Surgery is always constantly evolving. New techniques and procedures come out, and surgeons must learn how to use them to give their patients the best treatment possible. Nevertheless, the first few patients who receive these new techniques and procedures may not be getting this best treatment possible since the practicing surgeons themselves are learning themselves. A study done by Harvard Business School researchers aimed to study the learning curve of heart surgeons as they learned how to do a minimally invasive cardiac surgery. The surgeons that were the most successful chose “team members with whom he had worked well before and [kept] them together through the first fifteen cases before allowing any new members. He had the team go through a dry run before the first case, then deliberately scheduled six operations in the first week, so little would be forgotten in between. He convened the team before each case to discuss it in detail and afterward to debrief” (29). It was not that this surgeon was the most experienced, but he was the most humble in the sense that he became a member of the surgical team rather than the de facto leader. This allowed these surgeons to be the best at doing these minimally invasive cardiac surgeries. Still, these surgeons, like all others, do make mistakes, sometimes deadly. To deal with this in a positive way, most hospitals have a Morbidity and Mortality (M&M) Conference each week to discuss these mistakes and learn from them without the threat of being sued for what they share. In Dr. Gawande’s case, all members of the hospital assembled there as each chief resident from various specialties came up to discuss the cases in regards to their specialty. Often, this can become embarrassing for certain doctors, but that is not the purpose. This conference is meant to be a learning experience to improve patient care at the hospital. “No matter what measures are taken, doctors will sometimes falter, and it isn’t reasonable to ask that we achieve perfection. What is reasonable is to ask that we never cease to aim for it,” and that is the lesson M&M seeks to remind doctors of (74).
Despite the mistakes, surgery has the potential to change lives for the better. Dr. Gawande has multiple examples of them in his book, but I chose two of the most interesting ones in my opinion. Vincent Caselli was a morbidly obese man at 428 pounds. Dr. Gawande with the assisting surgeon Dr. Randall performed a Roux-en-Y Gastric Bypass (RYGB) surgery on him, which works by stapling the stomach so that it becomes smaller and then connecting it to the middle part of the small intestine to bypass the first part. Thus, the patient will reach satiety even by eating extremely little, which helps them lose weight in the long term. This surgery was important since Caselli’s obesity was affecting his quality of life: he had to sleep in a recliner chair on the first floor unable to reach his bedroom on the second floor, had to shower after going to the bathroom because keeping adequate hygiene otherwise was difficult, and had to leave his construction company that he started, watching it fail without him. It was not that Caselli could not lose weight; he had trouble keeping it off like almost everyone. There was a panel that looked at various studies that showed more than nine out of ten people regained about half of the weight they lost after one year and all of it after five years. However, this surgery changed Caselli’s life. It took a while and also involved lifestyle changes, but he was able to get to 250 pounds. His quality of life improved dramatically: he finally was able to leave the house and go do things he enjoyed like seeing a Boston Bruins game and work full time. He told Dr. Gawande that surgery gave him control of his life back. Surgery can change people’s lives for the better, and the case regarding Eleanor Bratton, a young woman with a swollen maroon leg that was warm to the touch, is another example of this. The story started when an ER doctor told Dr. Gawande that she probably had severe cellulitis, but Dr. Gawande was not convinced. One possibility, necrotizing fasciitis, popped into his mind because of a patient that he had a few weeks before. This patient presented with similar symptoms and was diagnosed with cellulitis. However, his condition worsened, and he was taken from a small community hospital to Brigham and Women’s where he was properly diagnosed with having necrotizing fasciitis. Despite surgery to remove the infected muscle and amputation of the arm, the patient died after all his vital organs failed on him. Necrotizing fasciitis is an aggressive infection, known as the flesh-eating disease. The bacteria is highly aggressive since the tissue infection spreads rapidly and cannot be treated by antibiotics alone. Early diagnosis and treatment improve prognosis, but many with the infection have some of their appendages amputated and/or die. The condition is extremely rare compared to the common cellulitis, and the general surgeon on call said that the chance it was necrotizing fasciitis was far less than 5%. In spite of that, Dr. Gawande could not ignore the chance that it was necrotizing fasciitis. The problem was that there was no way of differentiating between cellulitis and necrotizing fasciitis except for doing a biopsy. This came as a shock to Bratton and her father, both of whom reluctantly gave permission to do the biopsy. Once done, a dermatopathologist had to be called to examine the tissue, determining that Bratton indeed had necrotizing fasciitis. The general surgeon on call, Dr. Studdert, was considering doing a below-knee amputation or an above-knee amputation; however, he decided to do a debridement, which meant he took out the most infected tissue in the leg and flushed the leg with saline. Nevertheless, the situation was not ideal since there was a lot of the infection still left because an amputation was not done. Thus, Dr. Studdert had Bratton undergo hyperbaric oxygen therapy. This worked by putting a patient in a pressure chamber with a great deal of oxygen to speed up the healing since the immune system actually uses oxygen to fight infections. The therapy ended up working and after four more surgeries to take out the infected tissue, Bratton ended up being discharged from the hospital. It took some time and lot of physical therapy for Bratton to be able to use her leg for weight-bearing exercises, but it did not matter much to her because she still had her leg, and she was still alive. She escaped probable death because Dr. Gawande shrewdly considered all the possibilities to give the life-saving early diagnosis of necrotizing fasciitis.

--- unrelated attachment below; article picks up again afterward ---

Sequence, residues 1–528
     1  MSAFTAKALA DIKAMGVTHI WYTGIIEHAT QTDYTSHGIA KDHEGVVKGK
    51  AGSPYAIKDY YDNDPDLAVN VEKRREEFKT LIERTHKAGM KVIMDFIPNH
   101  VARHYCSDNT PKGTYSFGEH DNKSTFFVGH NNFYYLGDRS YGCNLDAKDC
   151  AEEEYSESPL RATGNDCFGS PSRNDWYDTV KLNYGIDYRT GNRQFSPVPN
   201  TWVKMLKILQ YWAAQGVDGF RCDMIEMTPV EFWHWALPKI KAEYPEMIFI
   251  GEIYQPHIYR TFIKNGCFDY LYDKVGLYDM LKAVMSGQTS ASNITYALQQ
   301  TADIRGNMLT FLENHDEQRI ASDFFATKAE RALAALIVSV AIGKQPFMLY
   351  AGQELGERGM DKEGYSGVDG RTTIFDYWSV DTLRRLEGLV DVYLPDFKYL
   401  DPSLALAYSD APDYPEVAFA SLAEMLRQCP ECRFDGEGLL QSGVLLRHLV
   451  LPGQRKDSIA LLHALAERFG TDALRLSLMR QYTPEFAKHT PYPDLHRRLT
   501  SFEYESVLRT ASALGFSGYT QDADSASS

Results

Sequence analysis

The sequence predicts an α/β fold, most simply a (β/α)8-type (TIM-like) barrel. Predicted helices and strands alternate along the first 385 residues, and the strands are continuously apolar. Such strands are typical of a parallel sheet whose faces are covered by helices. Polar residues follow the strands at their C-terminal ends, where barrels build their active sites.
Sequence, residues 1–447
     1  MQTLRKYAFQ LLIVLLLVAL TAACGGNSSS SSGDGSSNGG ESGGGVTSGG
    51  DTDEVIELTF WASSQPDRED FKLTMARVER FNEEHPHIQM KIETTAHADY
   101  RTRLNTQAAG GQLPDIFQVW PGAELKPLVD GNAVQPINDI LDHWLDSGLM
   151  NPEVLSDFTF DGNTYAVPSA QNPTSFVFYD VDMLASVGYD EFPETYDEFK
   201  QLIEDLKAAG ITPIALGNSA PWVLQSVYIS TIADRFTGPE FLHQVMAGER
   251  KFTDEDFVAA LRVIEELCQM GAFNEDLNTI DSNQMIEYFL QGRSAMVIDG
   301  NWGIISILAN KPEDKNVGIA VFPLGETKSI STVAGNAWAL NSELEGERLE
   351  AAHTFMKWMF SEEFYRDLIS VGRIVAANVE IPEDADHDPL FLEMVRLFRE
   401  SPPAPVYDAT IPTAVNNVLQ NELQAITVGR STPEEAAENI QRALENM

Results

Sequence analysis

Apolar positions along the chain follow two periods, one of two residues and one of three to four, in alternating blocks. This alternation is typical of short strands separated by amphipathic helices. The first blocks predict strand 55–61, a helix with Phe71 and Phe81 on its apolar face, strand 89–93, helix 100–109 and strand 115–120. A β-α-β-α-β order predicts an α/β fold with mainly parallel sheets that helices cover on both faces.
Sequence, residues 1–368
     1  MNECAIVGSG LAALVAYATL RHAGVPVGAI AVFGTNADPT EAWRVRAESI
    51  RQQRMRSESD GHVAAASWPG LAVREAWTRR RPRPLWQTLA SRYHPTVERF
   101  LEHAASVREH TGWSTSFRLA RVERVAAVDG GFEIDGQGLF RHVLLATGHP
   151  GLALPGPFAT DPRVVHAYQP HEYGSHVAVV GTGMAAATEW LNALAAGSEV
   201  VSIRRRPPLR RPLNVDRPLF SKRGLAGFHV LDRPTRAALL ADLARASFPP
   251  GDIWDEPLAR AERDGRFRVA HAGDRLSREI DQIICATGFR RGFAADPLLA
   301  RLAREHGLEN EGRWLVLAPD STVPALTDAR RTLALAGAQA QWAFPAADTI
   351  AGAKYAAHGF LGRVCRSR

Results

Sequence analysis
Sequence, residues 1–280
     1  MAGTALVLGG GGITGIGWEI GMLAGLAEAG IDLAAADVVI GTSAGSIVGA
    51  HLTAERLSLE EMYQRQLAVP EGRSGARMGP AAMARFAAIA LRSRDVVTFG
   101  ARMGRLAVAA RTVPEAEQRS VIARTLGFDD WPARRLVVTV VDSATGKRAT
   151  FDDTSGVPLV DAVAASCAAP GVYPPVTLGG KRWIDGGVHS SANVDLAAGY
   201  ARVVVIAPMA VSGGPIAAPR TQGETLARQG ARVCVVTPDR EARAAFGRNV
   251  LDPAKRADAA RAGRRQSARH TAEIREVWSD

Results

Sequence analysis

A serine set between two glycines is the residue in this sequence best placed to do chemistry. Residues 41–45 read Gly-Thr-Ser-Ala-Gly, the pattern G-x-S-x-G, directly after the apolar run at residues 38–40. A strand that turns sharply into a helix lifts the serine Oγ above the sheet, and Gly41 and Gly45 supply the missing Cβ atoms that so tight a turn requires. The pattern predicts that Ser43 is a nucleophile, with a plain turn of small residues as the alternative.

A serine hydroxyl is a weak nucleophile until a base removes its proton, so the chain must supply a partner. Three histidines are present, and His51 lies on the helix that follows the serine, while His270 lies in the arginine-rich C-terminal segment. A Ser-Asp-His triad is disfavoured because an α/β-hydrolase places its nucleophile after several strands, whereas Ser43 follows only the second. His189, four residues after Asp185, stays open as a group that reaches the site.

Dr. Gawande writes masterfully with such thought-provoking material and great insight on it. It always kept me engaged as I read about his examining of cases that are some of the most interesting in medicine. The women who could not stop compulsively blushing, the man who had disabling untreatable back pain despite not having any associated trauma, and the women who had hyperemesis gravidarum (severe nausea) that persisted throughout her entire pregnancy despite all kinds of intervention. I cannot do this book and its author the justice that they both deserve, and only be reading it entirely can one appreciate its authenticity and reality.